The U.S. House of Representatives on Thursday passed two bills that call for increased funding and access to mental health resources for emergency department patients and healthcare professionals.
The Improving Access to Mental Health Act, sponsored by Rep. Raul Ruiz (D-Calif.) will award grants to emergency departments looking to expand mental health programs for those experiencing an acute mental health episode. This includes increasing the supply of in-patient beds and coordination with regional service providers, who may be better suited to provide follow-up care than crowded emergency departments. Some of the funding will also go toward more experimental approaches to care such as telehealth consultations and creating emergency psychiatric service units.
“As an emergency physician, I know the barriers to getting mental health patients the follow-up care they need,” Ruiz said in a statement Thursday.
One in eight emergency department visits involve an adult struggling with either mental health or substance abuse, according to the National Alliance on Mental Illness. Many patients turn to the emergency department because there aren’t beds available in local in-patient facilities, with some spending days waiting for the appropriate care. This adds to the burden emergency medical professionals have taken on over the last year, according to Rep. Ami Bera (D-Calif.).
Bera sponsored another bill passed Thursday, the HERO Act, which would develop tactics for targeted interventions to prevent suicide among emergency personnel.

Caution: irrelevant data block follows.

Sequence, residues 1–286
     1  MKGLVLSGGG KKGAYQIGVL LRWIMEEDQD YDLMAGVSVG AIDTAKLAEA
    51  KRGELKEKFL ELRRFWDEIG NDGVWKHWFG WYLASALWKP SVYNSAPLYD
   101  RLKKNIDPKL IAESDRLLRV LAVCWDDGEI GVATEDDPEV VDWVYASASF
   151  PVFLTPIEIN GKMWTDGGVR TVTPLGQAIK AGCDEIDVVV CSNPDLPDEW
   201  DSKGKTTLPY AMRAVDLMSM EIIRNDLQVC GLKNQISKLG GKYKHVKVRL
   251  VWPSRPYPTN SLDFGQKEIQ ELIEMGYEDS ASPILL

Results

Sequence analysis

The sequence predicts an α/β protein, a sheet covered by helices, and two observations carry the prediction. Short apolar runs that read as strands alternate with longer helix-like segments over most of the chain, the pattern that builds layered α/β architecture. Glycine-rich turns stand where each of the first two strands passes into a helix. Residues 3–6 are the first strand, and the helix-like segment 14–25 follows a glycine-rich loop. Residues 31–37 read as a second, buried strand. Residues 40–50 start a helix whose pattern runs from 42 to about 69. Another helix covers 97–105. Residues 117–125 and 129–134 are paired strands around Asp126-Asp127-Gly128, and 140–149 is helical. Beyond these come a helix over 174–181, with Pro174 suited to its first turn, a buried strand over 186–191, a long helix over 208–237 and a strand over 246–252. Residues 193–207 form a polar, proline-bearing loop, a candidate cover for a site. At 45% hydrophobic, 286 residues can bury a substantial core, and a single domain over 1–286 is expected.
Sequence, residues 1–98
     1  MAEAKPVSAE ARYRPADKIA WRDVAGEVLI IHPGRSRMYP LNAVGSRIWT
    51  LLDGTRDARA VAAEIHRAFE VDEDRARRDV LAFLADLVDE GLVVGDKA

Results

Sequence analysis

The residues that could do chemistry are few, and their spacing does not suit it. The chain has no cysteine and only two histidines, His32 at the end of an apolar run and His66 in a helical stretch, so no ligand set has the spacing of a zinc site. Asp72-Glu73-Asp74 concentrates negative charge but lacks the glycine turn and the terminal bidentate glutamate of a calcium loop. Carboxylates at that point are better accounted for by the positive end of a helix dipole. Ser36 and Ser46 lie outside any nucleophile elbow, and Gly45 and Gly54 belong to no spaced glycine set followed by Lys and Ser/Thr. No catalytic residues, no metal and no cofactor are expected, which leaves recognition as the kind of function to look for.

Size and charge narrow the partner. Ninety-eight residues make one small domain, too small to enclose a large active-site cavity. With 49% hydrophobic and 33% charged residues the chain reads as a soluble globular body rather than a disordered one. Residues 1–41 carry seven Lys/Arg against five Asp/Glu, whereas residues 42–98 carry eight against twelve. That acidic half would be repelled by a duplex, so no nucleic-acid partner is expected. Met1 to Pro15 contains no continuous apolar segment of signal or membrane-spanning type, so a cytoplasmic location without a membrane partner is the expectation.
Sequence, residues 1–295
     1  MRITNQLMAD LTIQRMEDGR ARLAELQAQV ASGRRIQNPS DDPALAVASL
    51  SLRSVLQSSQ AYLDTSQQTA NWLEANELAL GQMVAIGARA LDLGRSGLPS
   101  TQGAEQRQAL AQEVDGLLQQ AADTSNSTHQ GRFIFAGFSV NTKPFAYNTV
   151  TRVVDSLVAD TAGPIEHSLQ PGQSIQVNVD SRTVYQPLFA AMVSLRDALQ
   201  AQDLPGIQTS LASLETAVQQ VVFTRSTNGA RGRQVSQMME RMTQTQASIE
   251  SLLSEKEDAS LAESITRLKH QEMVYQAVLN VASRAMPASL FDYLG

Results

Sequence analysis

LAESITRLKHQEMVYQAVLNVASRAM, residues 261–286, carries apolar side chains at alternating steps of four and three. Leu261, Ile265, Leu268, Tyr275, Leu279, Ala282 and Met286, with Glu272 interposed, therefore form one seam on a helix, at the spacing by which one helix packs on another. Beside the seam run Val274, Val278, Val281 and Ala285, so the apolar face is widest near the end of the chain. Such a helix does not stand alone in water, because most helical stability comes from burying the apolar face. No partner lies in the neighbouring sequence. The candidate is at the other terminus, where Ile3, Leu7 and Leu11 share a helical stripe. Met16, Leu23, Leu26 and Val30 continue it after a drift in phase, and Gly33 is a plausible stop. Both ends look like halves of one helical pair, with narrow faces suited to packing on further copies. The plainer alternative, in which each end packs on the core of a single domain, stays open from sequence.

“Our first responders already experience higher mental health stress and higher risk of suicide than many other professions,” Bera said in a statement. “It’s our obligation to be there for them in their time of need by ensuring they have access to life-saving mental healthcare.”
The HERO Act, would allow the U.S. Centers for Disease Control and Prevention to set up a database tracking suicide incidence among public safety officials and emergency healthcare providers. The database would track the total number of suicides by public safety agency, state, gender, age and career status. The data would be used to analyze more effective intervention strategies to prevent these deaths, but privacy mechanisms would be set up to keep parts of the registry confidential. Additional funding will go toward training peer support specialists, who are counselors with similar mental health challenges able to assist in providing care, within hospitals and public safety departments.
CMS data from March through October 2020 show beneficiaries under age 19 had 14 million fewer mental health visits, a 34% decline from the year prior, and adults on Medicaid had 12 million fewer visits or a 22% decline.
Both bills will now go to the Senate for committee consideration.